“During the last year, the KKK is capitalizing on people’s fears about jobs and greater racial diversity in America,” she said. “Violence is always a worry and the KKK historically uses violence.”
Several Pontiac school buses were bombed after the late U.S. District Court Judge Stephen J. Roth ordered cross-district busing in October 1970 to achieve integration in metropolitan Detroit schools.
The late Robert Miles, who headed the Michigan Klan at that time, was sentenced in 1973 to nine years in federal prison for planning an attack on the empty buses. He was released from prison after serving six years.
Bueno said Hispanics seem to be targets of discrimination more so than ever. “Discrimination against Hispanics has been on the increase because one of the themes we see locally and around the country is you have more Hispanics being stopped by police for no reason,” he said.
Bueno said Hispanics also have been hurt by the increase in the residency application fee for an immigrant from $69 in 1991 to $675 today.
“A lot of folks (Hispanics) don’t have bank accounts, keep cash on them and you can’t go to anyone for help if you’re here illegally,” he said.
“In the last five years, the number of Spanish-speaking residents has grown by 40 percent,” said Elizabeth Kelly, chief development officer of Easter Seals-Michigan.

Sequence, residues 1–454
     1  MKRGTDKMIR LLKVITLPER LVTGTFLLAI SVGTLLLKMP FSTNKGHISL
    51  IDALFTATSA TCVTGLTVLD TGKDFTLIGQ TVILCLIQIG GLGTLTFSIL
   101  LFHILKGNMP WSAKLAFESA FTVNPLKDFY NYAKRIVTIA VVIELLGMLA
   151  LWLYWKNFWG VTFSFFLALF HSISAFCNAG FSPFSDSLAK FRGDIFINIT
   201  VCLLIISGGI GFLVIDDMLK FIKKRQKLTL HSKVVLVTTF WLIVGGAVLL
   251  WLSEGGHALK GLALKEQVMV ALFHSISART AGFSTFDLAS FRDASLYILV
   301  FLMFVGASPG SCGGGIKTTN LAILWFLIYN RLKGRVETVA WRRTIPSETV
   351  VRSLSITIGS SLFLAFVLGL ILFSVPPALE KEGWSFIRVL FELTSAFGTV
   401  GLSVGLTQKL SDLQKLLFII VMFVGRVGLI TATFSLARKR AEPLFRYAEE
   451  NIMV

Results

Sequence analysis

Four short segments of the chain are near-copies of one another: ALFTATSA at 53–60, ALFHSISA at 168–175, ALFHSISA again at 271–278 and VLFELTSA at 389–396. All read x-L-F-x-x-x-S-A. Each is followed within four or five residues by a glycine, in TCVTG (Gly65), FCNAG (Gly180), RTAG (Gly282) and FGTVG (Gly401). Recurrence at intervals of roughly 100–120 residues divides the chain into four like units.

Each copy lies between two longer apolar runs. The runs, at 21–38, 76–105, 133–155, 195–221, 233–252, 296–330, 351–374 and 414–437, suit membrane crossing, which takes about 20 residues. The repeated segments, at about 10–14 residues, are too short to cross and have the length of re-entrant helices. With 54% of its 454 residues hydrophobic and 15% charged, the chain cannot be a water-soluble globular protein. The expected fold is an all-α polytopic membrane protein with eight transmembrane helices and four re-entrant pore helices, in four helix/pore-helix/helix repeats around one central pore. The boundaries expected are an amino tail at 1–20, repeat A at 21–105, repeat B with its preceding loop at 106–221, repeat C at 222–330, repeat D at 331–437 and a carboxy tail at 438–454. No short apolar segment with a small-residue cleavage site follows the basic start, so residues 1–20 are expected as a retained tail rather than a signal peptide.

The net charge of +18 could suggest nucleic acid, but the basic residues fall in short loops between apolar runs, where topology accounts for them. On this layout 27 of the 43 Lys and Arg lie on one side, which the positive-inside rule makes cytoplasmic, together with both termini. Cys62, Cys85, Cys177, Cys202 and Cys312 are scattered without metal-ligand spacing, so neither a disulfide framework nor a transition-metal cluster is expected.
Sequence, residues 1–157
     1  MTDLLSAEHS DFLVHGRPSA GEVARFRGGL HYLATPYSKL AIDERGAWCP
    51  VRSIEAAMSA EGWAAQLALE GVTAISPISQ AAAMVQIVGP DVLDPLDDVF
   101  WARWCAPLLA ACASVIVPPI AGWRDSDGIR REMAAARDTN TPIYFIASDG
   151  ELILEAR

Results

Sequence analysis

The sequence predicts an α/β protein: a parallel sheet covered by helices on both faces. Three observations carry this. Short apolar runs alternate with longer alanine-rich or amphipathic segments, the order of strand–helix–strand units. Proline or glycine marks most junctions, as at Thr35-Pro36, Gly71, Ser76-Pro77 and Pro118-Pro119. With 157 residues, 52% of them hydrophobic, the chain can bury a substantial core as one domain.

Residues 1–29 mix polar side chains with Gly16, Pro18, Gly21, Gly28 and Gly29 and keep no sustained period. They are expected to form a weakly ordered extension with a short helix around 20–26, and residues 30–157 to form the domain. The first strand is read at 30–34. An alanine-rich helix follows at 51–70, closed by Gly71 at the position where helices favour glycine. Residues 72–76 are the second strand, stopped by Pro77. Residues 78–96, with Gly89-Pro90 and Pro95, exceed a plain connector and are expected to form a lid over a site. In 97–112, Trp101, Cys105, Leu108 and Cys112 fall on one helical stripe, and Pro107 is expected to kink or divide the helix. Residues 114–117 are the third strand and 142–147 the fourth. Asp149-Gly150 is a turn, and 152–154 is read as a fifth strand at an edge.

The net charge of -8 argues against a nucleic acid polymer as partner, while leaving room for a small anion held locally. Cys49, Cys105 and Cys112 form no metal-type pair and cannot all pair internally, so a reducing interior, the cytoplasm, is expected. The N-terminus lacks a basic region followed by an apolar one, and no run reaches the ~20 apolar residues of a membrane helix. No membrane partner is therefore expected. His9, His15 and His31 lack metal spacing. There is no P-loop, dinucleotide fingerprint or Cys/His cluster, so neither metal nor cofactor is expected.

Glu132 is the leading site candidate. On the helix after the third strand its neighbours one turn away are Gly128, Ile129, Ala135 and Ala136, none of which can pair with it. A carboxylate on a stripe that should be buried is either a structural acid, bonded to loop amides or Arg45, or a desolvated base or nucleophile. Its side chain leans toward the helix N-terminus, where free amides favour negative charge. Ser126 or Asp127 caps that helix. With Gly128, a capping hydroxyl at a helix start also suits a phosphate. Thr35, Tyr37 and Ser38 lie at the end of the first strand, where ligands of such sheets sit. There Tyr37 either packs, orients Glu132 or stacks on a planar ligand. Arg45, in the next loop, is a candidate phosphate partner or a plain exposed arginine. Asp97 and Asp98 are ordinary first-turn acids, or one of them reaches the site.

The notion that anyone who speaks Spanish is an illegal immigrant is absurd, said Kelly. “There are more Spanish-speaking people moving into the area,” she added. “A Spanish-speaking person can be someone from the U.S. territory of Puerto Rico, and they are U.S. residents.
“People make a generalization when their hear someone speaking Spanish that they are illegal immigrants or just immigrants. But, in reality, they are citizens,” Kelly said. Asked if he considers the Klan, founded in 1866, a terrorist group, Lawson admitted the KKK has had a “dark time where mistakes have been made.”
“There has not been one incident involving a member of the United Northern and Southern Knights involved in any hate crime or intimidation of a minority, and we are a very large organization,” he said. “This track record should speak for itself about whether this Klan is a terrorist group.”
Lawson was especially critical of “illegal immigrant babies” who are born in the United States and become eligible for Medicaid, the national health insurance program for the poor. “This program was never designed to handle this sort of burden,” he said. “What are American workers going to do when they are told there is no more money left to pay Medicaid when they need it? Americans need to understand these people are coming here illegally. This is a country of immigrants and that is true, but our ancestors came here legally. There is a big difference.”
The ADL, founded in 1913, has 26 regional offices including the Bloomfield Hills location. Its core mission is to stop defamation of Jewish people and secure justice and fair treatment for all, Waggoner said.